Friday, December 19, 2008

0 to 110 in 60 Seconds

FIRST: I have *finally* finished the first draft of the remake project, handed it in, and now kicking myself over all of the things I forget to write in the script. I’m actually planning on doing a touch up on the script while they are reading it. But mostly I’m happy with it, even though the whole project has been a challenge. Sometime in the future I may blog about the difficulties of remakes - do you remain faithful to the original or try to do something different and interesting?

SECOND: Between part 3 of my Writer’s Bloc interview and John August’s great blog entry on real world deadlines, you probably have a lot of questions about deadlines, and Grant was first to ask in the comments section. Because I’m sure many of you have the same question, and the answer is probably too long for the comments section, I’m answering here.

Grant has a good method for writing a script that allows him three weeks of prep time to really work out his characters and story before going to script. I have said this before - most people jump into their scripts way too soon, and don’t know their story and characters well enough - and it shows. Characters are inconsistent - or sketchy, and often the script wanders around looking for the story. Sometimes the best way to tell the story isn’t used - and it’s told in the easiest (and dullest) way. So spending the time to realy think through the story and characters before you go to script is a great thing....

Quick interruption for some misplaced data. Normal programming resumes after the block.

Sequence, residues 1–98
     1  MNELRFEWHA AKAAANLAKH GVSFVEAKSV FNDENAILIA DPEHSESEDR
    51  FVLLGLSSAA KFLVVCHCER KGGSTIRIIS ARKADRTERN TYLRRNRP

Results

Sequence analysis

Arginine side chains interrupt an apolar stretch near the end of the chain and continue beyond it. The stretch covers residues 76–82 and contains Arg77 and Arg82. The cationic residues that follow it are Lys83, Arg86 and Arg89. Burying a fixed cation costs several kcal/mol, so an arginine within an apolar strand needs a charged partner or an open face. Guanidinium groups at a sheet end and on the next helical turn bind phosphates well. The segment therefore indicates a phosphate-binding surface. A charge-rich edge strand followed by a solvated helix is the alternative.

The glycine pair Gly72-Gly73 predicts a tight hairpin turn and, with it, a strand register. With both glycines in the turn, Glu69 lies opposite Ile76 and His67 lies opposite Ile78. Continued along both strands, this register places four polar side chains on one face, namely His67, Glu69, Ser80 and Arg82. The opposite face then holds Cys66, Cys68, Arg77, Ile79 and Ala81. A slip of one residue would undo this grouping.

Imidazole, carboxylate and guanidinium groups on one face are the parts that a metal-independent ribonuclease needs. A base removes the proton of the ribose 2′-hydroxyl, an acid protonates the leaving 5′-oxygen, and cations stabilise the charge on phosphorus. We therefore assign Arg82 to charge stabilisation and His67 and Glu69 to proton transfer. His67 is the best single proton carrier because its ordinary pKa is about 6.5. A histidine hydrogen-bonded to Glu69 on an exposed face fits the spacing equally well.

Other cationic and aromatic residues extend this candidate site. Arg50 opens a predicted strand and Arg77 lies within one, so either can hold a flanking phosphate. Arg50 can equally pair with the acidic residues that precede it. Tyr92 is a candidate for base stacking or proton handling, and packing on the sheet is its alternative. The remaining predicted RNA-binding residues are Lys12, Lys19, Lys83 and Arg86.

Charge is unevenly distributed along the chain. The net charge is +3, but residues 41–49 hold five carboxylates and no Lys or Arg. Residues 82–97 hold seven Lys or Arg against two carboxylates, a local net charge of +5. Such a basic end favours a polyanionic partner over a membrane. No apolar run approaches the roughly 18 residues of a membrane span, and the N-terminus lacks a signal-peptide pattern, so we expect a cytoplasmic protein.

But how does that work with real world deadlines?

Though in the interview I talk about a couple of times where I’ve had 2 weeks to write a script, that’s not how it normally works. Depending on the project, you are usually given a month to 12 weeks - sometimes more, in your contract. But, as John August mentions in his blog entry, just because they give you several months in your contract doesn’t mean they want you to wait until the last minute to turn in the script. I know a pair of writers who turn in their scripts at the very last minute... and I think their careers have suffered because of it. Just like anything else - you don’t want to wait until the last minute. Usually what will happen is the producer will call for a progress report, and though they sound happy and cheerful, what they really mean is “Where the hell is my script, slacker?” I got that call on the remake project because, even though I have a good prep method for writing scripts, I screwed up by abandoning it with this one. Instead of taking a couple of days to completely re-outline and write up a new treatment after getting the last minute changes, I thought I could just work those things out while writing the script... and boy was I wrong! I spent *weeks* trying to make the script work with the last minute changes - writing, throwing away, rewriting, reworking, throwing away, rewriting scenes. Much like my protagonist, I learned a valuable lesson.